Are you aware of a wall cross section detail for exterior rigid foam with furring strips and stucco? I can't find any details to use an example in conversations with my construction team. All the ones I can find are EIFS...

  10. Sal Lombardo | | #10

    Joshua, I have been beating that dead horse for some time. Detail for 3 coat stucco or "traditional" stucco over exterior rigid foam is complicated and as most have told me (including Martin), risky and some argue, ill advised. So much so, I initially gave up on outsulation. I want to stay true to the style of the house, so dropping stucco is not an option. EIFS is a different material and given its low relative weight, it goes over rigid panels all the time. But 3 coat stucco is very different. So much so, my local engineer will not sign off on a design. I trust him, so for him to tell me find someone else, speaks volumes. Now I am re-invigorated (or just plain stubborn) to try to find a stable, well thought out design.
    I found it is the flashing details and weight of 3 coat stucco (about 11 lbs per sq ft) that complicates the issue. The weight can cause a resultant wall failure phenomenon referred to as creep - see Peter Baker's article:

    Fastening schedules exist to secure furring strips and exterior foam, based on foam thickness and weight of final cladding. This was nicely summarized by Martin previously:

    I found a few contractors who assured me "no problem". But, IMHO, the better ones were reluctant to get involved, "too risky, eventual failure is expected".
    That's said, if you are interested, see my recent post on the GBA QandA.

    Now I am thinking, support the furring strips on a ledge, and maybe keep the foam to the minimum, from: Calculating the Minimum Thickness of Rigid Foam Sheathing

    Would love to share notes.

  11. GBA Editor
    Martin Holladay | | #11

    There are lots of reasons to avoid the use of stucco on a wood-framed building, but many people (for some reason) still want to pursue stucco.

    The easiest approach is to install EIFS. This option is shown in the detail below.

    I don't have a detail showing three-coat cementitiuous stucco over furring strips, but the idea isn't that complicated. For decades, California builders installed stucco over stud walls without any sheathing. They just installed asphalt felt and metal lath on the studs, and then stucco. Seems odd, but it works. If you have vertical furring strips 16 inches on center, the same approach is possible.


  12. Joshua Greisen | | #12


    I have definitely heard the warning on including drainage space for a stucco/EIFS installation when using exterior rigid foam. I think I get a bit confused as to where the recommendation is for the placement of this drainage plane though depending on the chosen finish. So let me reiterate what I think I'm hearing via all the postings and referenced articles, if you could please correct any inaccuracies that would be much appreciated:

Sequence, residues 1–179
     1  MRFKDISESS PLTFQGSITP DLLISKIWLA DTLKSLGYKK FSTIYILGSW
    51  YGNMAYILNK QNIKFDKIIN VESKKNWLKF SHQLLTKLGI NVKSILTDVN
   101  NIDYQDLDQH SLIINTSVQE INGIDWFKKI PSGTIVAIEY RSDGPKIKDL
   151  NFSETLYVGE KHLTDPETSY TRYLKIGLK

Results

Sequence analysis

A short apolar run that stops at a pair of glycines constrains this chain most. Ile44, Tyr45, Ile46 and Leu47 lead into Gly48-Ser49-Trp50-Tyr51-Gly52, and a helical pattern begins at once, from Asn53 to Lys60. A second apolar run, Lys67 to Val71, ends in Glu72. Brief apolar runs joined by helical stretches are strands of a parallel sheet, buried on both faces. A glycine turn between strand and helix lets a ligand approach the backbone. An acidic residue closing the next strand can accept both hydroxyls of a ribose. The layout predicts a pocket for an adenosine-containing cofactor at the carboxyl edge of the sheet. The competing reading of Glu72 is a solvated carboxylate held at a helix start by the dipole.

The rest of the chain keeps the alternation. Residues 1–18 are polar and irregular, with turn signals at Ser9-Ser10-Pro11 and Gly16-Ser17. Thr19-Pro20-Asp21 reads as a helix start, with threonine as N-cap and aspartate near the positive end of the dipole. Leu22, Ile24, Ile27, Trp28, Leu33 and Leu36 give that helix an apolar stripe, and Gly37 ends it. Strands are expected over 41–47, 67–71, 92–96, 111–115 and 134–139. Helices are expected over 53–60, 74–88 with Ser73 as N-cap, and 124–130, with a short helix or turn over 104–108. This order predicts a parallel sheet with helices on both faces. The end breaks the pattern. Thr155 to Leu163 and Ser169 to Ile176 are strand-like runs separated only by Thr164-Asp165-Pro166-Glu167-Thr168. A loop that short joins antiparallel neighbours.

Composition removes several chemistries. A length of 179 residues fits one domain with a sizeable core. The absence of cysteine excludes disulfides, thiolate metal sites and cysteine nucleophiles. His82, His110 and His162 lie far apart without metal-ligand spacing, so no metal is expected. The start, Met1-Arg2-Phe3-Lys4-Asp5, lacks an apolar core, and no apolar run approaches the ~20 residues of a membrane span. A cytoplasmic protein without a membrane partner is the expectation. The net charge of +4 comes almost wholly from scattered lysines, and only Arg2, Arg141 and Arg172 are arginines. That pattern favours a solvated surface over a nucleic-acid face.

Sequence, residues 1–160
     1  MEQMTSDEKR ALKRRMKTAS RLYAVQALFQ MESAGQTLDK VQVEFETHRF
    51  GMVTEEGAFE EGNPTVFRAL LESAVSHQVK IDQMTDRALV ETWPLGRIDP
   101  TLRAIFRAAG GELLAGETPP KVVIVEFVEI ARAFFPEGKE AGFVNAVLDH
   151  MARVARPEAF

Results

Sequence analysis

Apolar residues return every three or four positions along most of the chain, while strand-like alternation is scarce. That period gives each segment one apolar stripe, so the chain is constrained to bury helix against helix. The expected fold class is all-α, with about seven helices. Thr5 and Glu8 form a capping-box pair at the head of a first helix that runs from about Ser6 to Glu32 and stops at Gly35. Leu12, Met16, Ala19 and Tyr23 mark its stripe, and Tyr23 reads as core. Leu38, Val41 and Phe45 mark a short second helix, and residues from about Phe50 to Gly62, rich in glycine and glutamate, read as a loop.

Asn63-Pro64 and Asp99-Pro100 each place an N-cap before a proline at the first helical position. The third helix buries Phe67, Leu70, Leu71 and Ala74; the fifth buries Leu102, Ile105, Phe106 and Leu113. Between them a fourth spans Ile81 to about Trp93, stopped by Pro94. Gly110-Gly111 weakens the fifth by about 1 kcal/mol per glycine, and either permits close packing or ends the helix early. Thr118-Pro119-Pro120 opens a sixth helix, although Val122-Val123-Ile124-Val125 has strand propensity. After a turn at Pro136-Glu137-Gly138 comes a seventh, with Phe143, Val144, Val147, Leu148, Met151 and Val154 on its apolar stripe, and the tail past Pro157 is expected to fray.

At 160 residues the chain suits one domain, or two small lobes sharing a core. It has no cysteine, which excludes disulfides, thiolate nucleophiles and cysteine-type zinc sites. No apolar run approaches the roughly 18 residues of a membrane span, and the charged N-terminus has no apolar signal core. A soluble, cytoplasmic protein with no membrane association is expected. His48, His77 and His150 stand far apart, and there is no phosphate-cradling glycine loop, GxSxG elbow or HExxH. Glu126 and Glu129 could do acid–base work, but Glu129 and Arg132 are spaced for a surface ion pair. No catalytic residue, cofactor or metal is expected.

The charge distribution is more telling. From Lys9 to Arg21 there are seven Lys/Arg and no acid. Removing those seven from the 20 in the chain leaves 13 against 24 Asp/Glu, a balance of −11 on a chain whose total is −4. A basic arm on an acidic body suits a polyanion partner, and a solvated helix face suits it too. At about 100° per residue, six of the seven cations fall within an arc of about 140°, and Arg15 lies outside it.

Option 1: If choosing an EIFS finish for your exterior walls, include a drainage gap between the foam and your WRB/sheathing (sheathing should have a WRB covering it of course, like Tyvek).

    Option 2: If choosing a traditional stucco finish for your exterior walls, include a drainage gap between the foam and the first layer of the stucco finish (not sure if this should be building paper, wire mesh or some sort of backer board when this done over a foam product like EPS).

    Please let me know if these are accurate. Thanks!

  13. GBA Editor
    Martin Holladay | | #13

    Basically, you've got it right. When it comes to EIFS, though, you don't have to figure out the details. EIFS can't be installed by a homeowner. It can only be installed by a certified EIFS installer -- your insurance company will make sure of that. The certified EIFS installer comes up with the water management details, not you.

    You will probably be installing some type of paper-backed metal lath if you install traditional three-coat cementitious stucco. As I wrote in my article on the topic, I strongly recommend that you include a drainage gap between the paper-backed metal lath and the rigid foam.

  14. Joshua Greisen | | #14


    Will the local engineers you are referencing not sign off on the design due to the risk of the attached furring strips not being able to handle the weight of the full 3 coat stucco installation? My assumption would be that the furring strips are attached through the 2-4" of rigid foam directly through the sheathing and into the studs. You would think that including more furring strip fasteners would mitigate any concerns. Looking at your post on this topic it seems the risk really is with heavier stone finishes rather than 3 coat stucco unless I'm misunderstanding the post.